Meanwhile, at the Hernández Center, alto-saxophonist Zenón, 31, will be working his latest for Marsalis Music, Awake, probably his most ambitious yet. Zenón has explored post–Greg Osby bop as well as the folkloric music of his native Puerto Rico, and he has a great working band — pianist Luis Perdomo, bassist Hans Glawischnig, and drummer Henry Cole. On Awake he adds a string section, not as a sweetener but as pungent counterpoint to his horn in the opening prelude. The album works like a suite through variations of different themes. When Zenón has Perdomo switch to Fender Rhodes, it’s not simply a ’70s funk signifier — he makes the most of its blurry, sub-aquatic timbre against the strings or his horn. When Zenón burns through an up-tempo number, his clarion tone shines brighter still. Even a transitional “free” passage with extra horns at the album’s midpoint eventually coalesces around a theme. Zenón could probably get by on his chops alone — instead he’s using form as a way to challenge himself and renew his music. That speaks well for the long haul.
Pop audiences always want to know what songs someone played; jazz audiences want to know how they played. But composer Carla Bley always thinks about song form even at her most far-reaching. At Scullers a week ago Wednesday, she played piano as part of her “Music with Legs” trio, which she named for the 1995 ECM album on which they first appeared as a band: Bley with her long-time companion Steve Swallow on five-string electric bass and Andy Sheppard on saxophones. And Swallow introduced the first number — a 25-minute suite — as “a long song.” Called “The National Anthem” (from 2003’s Looking for America), it used phrases from “The Star Spangled Banner” as transition points among its sections. It began with question-and-answer riffs between tenor sax and piano, then moved into shuffle rhythms, funk, free time, the mood cued with subtle key changes, where, say, the word “night” would have been in the lyric. A “political” work, it refused to declaim, instead asking questions, Bley ending it with a single-note line that stopped and hung on the word “home,” unresolved.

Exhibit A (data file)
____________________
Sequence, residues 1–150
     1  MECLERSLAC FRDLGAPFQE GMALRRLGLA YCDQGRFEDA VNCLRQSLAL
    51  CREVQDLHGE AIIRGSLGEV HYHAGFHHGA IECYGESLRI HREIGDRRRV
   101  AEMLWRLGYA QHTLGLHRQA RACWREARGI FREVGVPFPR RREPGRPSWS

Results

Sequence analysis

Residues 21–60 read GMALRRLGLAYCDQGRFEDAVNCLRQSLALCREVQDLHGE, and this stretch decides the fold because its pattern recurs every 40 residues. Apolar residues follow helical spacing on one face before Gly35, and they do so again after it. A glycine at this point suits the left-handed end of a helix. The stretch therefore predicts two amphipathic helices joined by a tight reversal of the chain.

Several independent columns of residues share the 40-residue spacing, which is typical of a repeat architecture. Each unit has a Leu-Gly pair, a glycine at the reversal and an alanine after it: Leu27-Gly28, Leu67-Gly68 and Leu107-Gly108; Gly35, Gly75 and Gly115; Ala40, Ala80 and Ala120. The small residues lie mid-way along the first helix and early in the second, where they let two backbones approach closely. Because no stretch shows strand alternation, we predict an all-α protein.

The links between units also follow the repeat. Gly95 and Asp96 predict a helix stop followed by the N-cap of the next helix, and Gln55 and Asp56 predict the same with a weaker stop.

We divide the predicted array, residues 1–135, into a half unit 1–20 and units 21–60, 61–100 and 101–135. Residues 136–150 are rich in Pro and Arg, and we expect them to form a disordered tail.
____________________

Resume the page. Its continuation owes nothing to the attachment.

From there, Bley chose an older piece — “Things were a little nicer back then — sort of pretty and harmonious.” It was a ballad tune — “Permanent Wave” — rising and falling in velocity through Bley’s elegant chord changes. There was a new up-tempo piece, “Awful Coffee” (“about food — good food”), the beautiful slow tango “Tropical Depression,” the rock-beat “Sidewinders in Paradise” (quoting “Stranger in Paradise”), the Monkish bebop “Doctor” (Swallow: “from Carla’s gnarly youth”), a sinister matinee-movie waltz called, yes, “Valse Sinistre,” the Norwegian folk of “Útviklingssang,” and the eternal cyclical waltz “Ad Infinitum.”
The following night’s “New Music Now” concert at the ICA had been announced as “the music of John Zorn” without John Zorn. But last-minute schedule conflicts prompted a change: instead of the Masada String Trio, we’d be getting one of its players, violinist Mark Feldman, with pianist Sylvie Courvoisier, and instead of pianist Uri Caine in the second half, it was Zorn with bassist Greg Cohen and drummer Kenny Wolleson.